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Bill Belichick on Marcus Cannon: ‘He’s come a long way’

09.27.13 at 11:58 am ET
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FOXBORO — After returning to practice Friday morning with heavy white tape on his left foot, Sebastian Vollmer may or may not start at right tackle for the Patriots Sunday night in Atlanta.

If his foot injury keeps him out of the game, the Patriots, as they did in the second half last Sunday, will turn to Marcus Cannon and feel confident that the third year player out of Texas Christian will be able to handle the work load.

That wasn’t always the case.

On Friday, Bill Belichick said Cannon has not only overcome a non-Hodgkin lymphoma diagnosis before the 2011 NFL draft, Cannon has learned how to become a versatile offensive lineman – a requirement of most lineman who don’t have a regular starting role.

“Pass and run blocking, guard and tackle, left tackle, both guards, right tackle. I mean, he really played right tackle only his first year and a lot of that his second year,” Belichick said. “Last year [substituted] for Sebastian a little bit more; his rookie year at the end of the season, right tackle. He’€™s also worked for us some at left tackle: when [Nate Solder] went to tight end very early in the season, some of those packages. He’€™s done a lot of different things for us. I don’€™t think he could have done those his first year. He’€™s come a long way since then.

“His rookie year he missed over half the year and just kind of started in the middle of the year. Last year, he had a much better start to the season and it carried over. This year, he’€™s improved on his versatility. He’€™s played inside as well as tackle and also some other goal-line situations, things like that, he’€™s done some of that; getting involved in the kickoff return and the wedge and those types of things. I think his game has expanded from a versatility standpoint and also just from experience.”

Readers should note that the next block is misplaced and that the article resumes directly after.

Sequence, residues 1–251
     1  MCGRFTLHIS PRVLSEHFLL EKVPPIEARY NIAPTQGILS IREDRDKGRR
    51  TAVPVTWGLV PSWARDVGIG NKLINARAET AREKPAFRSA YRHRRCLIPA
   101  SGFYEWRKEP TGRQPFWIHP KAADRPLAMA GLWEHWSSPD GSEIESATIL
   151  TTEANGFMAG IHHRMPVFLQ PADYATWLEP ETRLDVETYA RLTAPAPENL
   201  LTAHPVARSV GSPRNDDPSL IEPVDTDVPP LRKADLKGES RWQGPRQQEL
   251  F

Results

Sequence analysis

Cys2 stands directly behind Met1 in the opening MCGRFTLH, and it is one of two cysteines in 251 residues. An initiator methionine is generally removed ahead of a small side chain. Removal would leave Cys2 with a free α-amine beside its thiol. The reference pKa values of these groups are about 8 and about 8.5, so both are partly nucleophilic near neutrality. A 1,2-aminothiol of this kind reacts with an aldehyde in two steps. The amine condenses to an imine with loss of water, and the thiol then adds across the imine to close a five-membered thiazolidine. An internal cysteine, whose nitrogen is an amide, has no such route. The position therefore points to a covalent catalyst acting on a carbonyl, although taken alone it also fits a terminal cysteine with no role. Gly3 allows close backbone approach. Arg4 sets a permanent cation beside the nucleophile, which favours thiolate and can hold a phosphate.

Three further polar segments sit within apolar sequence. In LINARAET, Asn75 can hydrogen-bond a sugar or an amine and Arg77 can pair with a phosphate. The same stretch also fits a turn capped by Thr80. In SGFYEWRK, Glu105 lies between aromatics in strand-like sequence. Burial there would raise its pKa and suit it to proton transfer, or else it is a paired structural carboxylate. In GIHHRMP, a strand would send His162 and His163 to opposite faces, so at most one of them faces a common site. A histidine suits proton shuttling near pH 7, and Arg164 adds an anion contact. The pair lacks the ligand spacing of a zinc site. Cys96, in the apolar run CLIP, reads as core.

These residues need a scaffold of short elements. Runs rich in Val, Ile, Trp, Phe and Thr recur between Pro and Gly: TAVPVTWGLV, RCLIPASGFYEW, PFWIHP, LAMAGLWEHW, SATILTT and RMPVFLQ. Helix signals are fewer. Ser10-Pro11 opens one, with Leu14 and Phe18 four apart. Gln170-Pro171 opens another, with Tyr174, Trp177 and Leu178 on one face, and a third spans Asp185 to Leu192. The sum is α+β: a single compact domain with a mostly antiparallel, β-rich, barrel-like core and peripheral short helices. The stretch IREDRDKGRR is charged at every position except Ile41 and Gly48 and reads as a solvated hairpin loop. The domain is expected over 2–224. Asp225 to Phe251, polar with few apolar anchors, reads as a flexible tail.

Cannon kept it low-key in talking about his new opportunity.

“I’m nowhere where I need to be yet,” Cannon said with a great deal of humility. “I’m improving every day, trying to get better every day, work harder every day to do what’s necessary to please the team and help us win. Every day there is improvement but there’s still a lot of improvement to go, have to take it every day step by step and work harder to improve more.”

The biggest help, according to Cannon, has come from offensive line coach Dante Scarnecchia.

“Coach Scarnecchia coaches us pretty well, the whole offensive line,” Cannon said. “If we need to get ready for something, he’s going to get us ready for it, that’s the kind of coach he is. We do whatever he asks us.

“I feel the most comfortable at whatever they ask me to play. If they ask me to play that [right tackle], that’s what I’ll be comfortable playing.”

One of the things that the Patriots liked about Cannon in college was his ability to move from right to left tackle in his senior season, protecting the blind side of Andy Dalton, now with the Bengals.

“They flipped him so he started off at right tackle and then his senior year, if I’€™m right on that, I think they moved him to left tackle, which is kind of what they did, they always put their senior, most experienced guy and put him on the left side, sort of go from right to left, like a lot of college teams do,” Belichick said.

Read More: Andy Dalton, Bill Belichick, Cincinnati Bengals, Marcus Cannon
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